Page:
Heiner Müller’s “Hamlet Machine”
Müller was a genius who deserves a much wider audience in the English-speaking world than he has currently found, and I hope this article will interest some of you.
Here’s an excerpt:
Born in Eppendorf in 1929, Müller spent his childhood under the shadow of the Nazi regime. In “The Father,” an early autobiographical prose-poem, he describes being woken from sleep when he was three years old:
In 1933, January 31 at 4 a. m., my father, a functionary of the Social Democratic Party of Germany, was arrested from his bed. I woke up, the sky outside the window black, noise of voices and footsteps. In the next room, books were thrown to the floor. I heard my father’s voice, higher than the other voices. I climbed out of bed and went to the door. Through a crack I saw how a man was hitting my father in the face. (1)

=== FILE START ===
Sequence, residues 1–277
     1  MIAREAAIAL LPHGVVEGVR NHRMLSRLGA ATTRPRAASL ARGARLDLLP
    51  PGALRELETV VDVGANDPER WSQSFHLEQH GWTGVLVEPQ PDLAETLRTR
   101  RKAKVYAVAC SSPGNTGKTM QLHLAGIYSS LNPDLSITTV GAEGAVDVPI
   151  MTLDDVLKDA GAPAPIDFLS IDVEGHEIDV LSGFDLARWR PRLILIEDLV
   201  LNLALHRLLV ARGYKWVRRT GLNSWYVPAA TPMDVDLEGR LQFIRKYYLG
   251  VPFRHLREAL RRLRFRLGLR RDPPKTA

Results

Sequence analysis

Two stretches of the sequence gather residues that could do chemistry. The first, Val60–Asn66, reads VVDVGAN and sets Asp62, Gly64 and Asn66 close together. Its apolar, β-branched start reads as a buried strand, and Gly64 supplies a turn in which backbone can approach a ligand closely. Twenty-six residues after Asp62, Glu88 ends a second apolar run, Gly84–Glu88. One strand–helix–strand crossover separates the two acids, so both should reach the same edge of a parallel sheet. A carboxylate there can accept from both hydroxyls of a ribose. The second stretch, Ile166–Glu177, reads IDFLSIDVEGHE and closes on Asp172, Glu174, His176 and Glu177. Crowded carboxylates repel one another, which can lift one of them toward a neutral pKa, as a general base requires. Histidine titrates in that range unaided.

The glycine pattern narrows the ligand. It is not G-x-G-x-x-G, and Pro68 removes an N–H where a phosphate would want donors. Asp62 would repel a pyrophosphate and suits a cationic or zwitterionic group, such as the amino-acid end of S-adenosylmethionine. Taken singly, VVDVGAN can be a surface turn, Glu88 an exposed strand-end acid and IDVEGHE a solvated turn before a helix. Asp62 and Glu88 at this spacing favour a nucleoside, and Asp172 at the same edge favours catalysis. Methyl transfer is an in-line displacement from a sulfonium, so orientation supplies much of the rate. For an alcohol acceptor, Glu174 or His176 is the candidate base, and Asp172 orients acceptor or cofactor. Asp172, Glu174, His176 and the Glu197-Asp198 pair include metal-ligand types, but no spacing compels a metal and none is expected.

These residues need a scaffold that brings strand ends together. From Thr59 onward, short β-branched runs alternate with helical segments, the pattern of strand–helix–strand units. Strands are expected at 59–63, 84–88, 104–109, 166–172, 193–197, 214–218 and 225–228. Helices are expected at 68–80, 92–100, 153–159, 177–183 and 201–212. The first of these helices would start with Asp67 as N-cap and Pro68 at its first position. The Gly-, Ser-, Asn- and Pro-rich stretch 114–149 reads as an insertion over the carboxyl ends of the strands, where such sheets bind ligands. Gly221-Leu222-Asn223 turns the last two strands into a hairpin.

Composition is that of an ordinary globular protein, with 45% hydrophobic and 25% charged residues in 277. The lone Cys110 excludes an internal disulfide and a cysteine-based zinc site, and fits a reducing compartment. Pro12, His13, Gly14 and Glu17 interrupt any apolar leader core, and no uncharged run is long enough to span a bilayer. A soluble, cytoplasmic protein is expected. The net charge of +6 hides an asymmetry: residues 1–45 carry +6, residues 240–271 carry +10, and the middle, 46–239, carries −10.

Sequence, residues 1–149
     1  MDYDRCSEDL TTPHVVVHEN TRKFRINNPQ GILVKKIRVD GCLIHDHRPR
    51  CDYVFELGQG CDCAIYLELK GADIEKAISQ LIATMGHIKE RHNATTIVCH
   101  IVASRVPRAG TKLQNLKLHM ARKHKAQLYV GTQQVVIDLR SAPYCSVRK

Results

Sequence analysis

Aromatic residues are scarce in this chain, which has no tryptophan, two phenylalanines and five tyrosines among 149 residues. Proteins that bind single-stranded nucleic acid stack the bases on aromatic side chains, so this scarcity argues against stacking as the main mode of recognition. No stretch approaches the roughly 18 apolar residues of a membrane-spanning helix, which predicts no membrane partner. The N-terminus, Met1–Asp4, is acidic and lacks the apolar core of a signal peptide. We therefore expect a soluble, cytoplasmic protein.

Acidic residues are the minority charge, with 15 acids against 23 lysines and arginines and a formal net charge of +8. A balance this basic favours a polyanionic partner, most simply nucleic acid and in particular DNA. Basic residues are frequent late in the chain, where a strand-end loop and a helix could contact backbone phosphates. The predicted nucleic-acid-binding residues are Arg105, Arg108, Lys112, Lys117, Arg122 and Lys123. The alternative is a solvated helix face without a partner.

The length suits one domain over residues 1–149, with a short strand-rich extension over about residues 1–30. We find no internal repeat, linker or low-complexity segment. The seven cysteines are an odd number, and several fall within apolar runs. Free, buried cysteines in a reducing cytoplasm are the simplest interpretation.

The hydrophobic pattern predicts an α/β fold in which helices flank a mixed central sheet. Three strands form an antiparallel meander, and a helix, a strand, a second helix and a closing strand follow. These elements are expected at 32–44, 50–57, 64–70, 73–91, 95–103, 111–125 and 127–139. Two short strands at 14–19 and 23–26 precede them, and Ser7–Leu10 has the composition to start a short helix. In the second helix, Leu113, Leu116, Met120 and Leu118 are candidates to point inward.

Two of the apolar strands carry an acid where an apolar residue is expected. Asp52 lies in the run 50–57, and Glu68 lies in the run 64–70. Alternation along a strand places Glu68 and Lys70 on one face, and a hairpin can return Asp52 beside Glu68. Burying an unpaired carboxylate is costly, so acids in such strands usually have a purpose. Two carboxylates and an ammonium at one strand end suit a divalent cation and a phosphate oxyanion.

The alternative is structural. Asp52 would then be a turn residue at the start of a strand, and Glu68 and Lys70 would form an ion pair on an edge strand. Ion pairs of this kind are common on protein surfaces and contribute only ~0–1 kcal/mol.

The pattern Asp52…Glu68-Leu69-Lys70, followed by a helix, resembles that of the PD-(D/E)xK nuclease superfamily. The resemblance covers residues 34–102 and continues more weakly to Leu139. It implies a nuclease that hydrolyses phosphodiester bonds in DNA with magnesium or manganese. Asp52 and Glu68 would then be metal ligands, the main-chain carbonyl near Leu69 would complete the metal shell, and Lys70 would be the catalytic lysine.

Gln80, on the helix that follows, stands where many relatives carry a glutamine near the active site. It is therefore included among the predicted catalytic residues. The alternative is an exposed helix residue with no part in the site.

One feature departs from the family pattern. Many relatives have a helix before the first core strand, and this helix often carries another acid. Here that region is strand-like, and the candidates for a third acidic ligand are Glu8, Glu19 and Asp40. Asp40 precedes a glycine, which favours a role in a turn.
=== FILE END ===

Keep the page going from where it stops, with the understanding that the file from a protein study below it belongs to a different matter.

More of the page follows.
Two officers of the Nazi SA, the predecessor to the notorious SS, took his father to a concentration camp, where he was held for over a year for his socialist activities. Müller was shunned as the son of a criminal, and other boys in his village were not allowed to play with him.
After he visited the camp with his mother, he was haunted by the image of his father diminished behind the wire mesh fence, and later, by memories of walking for hours in bitter cold to meet his father upon his release.
I wish my father were a shark
Who tore to pieces forty whalers
(And in their blood I had learned to swim)….(2)
1) Müller H. A Heiner Müller Reader. The Johns Hopkins University Press. 2001. p. 14
2) ibid., p. 15